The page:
In fact, there are several Fortune 500 companies that have opted to used ABLs.

Qualifying companies

Manufacturers, wholesale distributors, retailers, and some forms of service companies
are prime candidates for ABLs. Solid ABL candidates will usually have tangible asset-rich
balance sheets, often with at least half of their total assets in working capital assets,
such as accounts receivable and inventory.

Like all lenders, asset-based loan providers look for companies with solid management
teams and a history of being able to effectively manage their businesses, even when
facing difficult circumstances. They also look for companies with excellent financial
accounting information systems that can provide reliable data about both operating and
asset performance.

Does company size matter in qualifying for an ABL?

No. Companies of all sizes can qualify for an ABL as long as their business is a good match
for the characteristics that asset-based lenders look for. For midsized companies, annual
revenues between $35 million and $250 million are typical of today’s borrowers. But ABLs
are also delivered just as easily to multibillion-dollar revenue companies.

What about credit ratings?
Since asset-based lending is always secured, its target market is non-investment grade
companies (companies with an actual or equivalent S&P rating of BB+ and below, or a
Moody’s rating of Ba1 and below). External credit ratings are not required to issue an ABL.

Which assets qualify as collateral under ABL structures?
Accounts receivable and inventory—assets that have a high degree of market liquidity
and can be easily valued and monitored—head the list of qualifying assets. Long-term
assets such as equipment and real estate are often used as additional collateral when
the ABL is structured as a term loan with a fixed amortization schedule.
Some proportion of even the most liquid of asset classes are typically ineligible in ABLs.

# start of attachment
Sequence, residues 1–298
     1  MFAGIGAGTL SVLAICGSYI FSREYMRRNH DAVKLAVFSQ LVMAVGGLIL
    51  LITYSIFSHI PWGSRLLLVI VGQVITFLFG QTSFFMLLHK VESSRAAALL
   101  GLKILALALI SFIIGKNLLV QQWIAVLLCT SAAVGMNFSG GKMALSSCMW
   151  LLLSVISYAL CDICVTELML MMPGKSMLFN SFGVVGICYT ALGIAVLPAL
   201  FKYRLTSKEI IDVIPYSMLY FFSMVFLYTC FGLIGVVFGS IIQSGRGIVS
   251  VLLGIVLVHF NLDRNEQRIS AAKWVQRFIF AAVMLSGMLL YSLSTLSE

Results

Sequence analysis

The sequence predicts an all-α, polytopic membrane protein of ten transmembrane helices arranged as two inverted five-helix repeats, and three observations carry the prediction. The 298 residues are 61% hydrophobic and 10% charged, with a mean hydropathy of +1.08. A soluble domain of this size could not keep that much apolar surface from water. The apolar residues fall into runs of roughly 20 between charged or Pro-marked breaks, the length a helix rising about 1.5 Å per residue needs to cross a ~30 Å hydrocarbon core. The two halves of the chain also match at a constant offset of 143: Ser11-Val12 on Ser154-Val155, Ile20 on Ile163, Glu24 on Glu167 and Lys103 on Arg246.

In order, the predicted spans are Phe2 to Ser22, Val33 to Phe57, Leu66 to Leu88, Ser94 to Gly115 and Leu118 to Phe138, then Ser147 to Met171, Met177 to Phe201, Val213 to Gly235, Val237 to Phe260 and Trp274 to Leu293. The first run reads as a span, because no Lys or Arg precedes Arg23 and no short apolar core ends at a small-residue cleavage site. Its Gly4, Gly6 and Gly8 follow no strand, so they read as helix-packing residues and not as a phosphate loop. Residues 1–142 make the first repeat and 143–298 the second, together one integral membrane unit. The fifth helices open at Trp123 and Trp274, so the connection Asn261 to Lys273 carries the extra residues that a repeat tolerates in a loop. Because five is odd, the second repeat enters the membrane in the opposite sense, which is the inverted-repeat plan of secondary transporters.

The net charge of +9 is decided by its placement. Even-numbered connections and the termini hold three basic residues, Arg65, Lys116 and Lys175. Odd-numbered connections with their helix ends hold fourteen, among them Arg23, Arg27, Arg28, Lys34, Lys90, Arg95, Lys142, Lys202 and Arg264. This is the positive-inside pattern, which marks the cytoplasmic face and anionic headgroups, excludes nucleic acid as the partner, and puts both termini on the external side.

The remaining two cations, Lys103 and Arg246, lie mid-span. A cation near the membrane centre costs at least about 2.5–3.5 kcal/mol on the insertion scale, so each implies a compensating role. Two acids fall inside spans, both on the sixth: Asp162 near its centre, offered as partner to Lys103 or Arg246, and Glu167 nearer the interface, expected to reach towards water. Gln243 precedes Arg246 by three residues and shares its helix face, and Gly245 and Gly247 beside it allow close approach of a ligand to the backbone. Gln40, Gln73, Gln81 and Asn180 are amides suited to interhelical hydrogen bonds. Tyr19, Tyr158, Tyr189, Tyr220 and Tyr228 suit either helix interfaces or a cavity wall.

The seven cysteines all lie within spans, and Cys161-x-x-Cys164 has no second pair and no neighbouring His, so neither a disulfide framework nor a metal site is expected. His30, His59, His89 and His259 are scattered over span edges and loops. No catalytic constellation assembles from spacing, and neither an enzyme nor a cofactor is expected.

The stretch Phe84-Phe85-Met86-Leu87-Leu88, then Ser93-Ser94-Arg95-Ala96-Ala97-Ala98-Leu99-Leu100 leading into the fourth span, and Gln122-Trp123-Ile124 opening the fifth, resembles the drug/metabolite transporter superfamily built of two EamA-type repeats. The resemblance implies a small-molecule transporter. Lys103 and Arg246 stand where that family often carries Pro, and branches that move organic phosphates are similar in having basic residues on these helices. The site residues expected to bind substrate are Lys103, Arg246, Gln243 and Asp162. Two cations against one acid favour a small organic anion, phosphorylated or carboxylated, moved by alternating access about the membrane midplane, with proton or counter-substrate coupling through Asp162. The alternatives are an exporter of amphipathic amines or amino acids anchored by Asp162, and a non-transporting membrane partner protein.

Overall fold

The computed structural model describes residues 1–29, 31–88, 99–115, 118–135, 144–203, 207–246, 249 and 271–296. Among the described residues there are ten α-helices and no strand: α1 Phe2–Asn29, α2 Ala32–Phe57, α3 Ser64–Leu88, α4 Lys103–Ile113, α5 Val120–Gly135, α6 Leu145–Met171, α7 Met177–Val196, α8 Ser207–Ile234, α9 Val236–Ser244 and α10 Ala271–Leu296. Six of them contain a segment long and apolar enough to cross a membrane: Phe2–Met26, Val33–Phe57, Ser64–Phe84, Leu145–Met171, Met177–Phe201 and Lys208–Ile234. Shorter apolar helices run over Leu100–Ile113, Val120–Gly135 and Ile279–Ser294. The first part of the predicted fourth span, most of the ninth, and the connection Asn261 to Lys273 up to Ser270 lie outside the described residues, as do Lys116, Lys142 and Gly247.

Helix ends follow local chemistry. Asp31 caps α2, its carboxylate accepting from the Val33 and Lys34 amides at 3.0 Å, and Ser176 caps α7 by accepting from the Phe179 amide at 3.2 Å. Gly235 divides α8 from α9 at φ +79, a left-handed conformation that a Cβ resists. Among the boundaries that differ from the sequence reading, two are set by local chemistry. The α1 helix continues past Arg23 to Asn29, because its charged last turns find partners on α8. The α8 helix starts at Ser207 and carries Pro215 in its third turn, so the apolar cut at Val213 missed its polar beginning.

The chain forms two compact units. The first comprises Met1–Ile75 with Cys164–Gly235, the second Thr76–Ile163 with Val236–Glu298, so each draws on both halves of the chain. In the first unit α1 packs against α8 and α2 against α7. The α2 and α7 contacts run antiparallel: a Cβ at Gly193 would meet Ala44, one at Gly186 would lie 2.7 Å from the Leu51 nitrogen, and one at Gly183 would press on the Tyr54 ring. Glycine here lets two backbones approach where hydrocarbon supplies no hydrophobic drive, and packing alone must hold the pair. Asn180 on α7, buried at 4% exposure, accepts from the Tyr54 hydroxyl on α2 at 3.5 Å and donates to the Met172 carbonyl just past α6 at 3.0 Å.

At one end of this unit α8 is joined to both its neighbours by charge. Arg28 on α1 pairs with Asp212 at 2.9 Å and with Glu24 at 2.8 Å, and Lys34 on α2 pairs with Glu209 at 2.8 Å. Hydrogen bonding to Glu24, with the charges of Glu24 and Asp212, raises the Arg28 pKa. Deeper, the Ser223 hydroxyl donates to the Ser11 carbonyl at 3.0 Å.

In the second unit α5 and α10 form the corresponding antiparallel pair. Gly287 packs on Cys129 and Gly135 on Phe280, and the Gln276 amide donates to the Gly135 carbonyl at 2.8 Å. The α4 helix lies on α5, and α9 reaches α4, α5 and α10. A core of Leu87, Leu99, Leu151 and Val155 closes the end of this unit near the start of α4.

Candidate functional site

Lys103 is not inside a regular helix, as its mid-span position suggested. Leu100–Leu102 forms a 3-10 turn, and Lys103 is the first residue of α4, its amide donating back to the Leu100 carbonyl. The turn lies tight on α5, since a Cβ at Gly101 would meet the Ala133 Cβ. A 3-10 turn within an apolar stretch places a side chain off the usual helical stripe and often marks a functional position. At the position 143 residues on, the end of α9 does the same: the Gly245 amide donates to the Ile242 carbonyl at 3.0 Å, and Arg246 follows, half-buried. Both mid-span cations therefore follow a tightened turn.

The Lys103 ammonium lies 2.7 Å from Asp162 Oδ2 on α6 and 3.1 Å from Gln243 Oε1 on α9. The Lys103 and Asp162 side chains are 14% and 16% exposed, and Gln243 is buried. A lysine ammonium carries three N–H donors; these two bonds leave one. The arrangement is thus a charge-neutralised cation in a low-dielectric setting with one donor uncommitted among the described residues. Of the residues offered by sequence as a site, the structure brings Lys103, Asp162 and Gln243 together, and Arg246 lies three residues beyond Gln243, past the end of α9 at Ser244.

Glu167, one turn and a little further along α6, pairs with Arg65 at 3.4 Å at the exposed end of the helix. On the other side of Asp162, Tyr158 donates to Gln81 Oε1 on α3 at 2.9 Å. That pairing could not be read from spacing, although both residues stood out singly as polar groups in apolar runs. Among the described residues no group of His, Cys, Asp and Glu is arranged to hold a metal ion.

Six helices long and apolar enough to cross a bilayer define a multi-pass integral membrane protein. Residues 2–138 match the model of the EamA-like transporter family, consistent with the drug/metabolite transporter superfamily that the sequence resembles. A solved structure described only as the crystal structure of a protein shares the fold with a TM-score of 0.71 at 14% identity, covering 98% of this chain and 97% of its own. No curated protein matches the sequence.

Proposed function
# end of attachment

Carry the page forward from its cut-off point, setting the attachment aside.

Examples include substantially past due accounts receivable, some types of work-inprocess
inventory or assets held for sale not in the ordinary course of business.

Project Finance
Project Finance can be characterised in a variety of ways and there is no universally adopted definition
but as a financing technique, the author’s definition is:
 “the raising of finance on a Limited Recourse basis, for the purposes of developing a large capitalintensive
infrastructure project, where the borrower is a special purpose vehicle and repayment of the
financing by the borrower will be dependent on the internally generated cashflows of the project”
The terms ‘Project Finance’ and ‘Limited Recourse Finance’ are typically used interchangeably and
should be viewed as one in the same. Indeed, it is debatable the extent to which a financing where the
Lenders have significant collateral with (or other form of contractual remedy against) the project
shareholders of the borrower can be truly regarded as a project financing. The ‘limited’ recourse that
financiers have to a project’s shareholders in a true project financing is a major motivation for
corporates adopting this approach to infrastructure investment.
Project financing is largely an exercise in the equitable allocation of a project’s risks between the
various stakeholders of the project.

MBA Core Management Knowledge - One Year Revision Schedule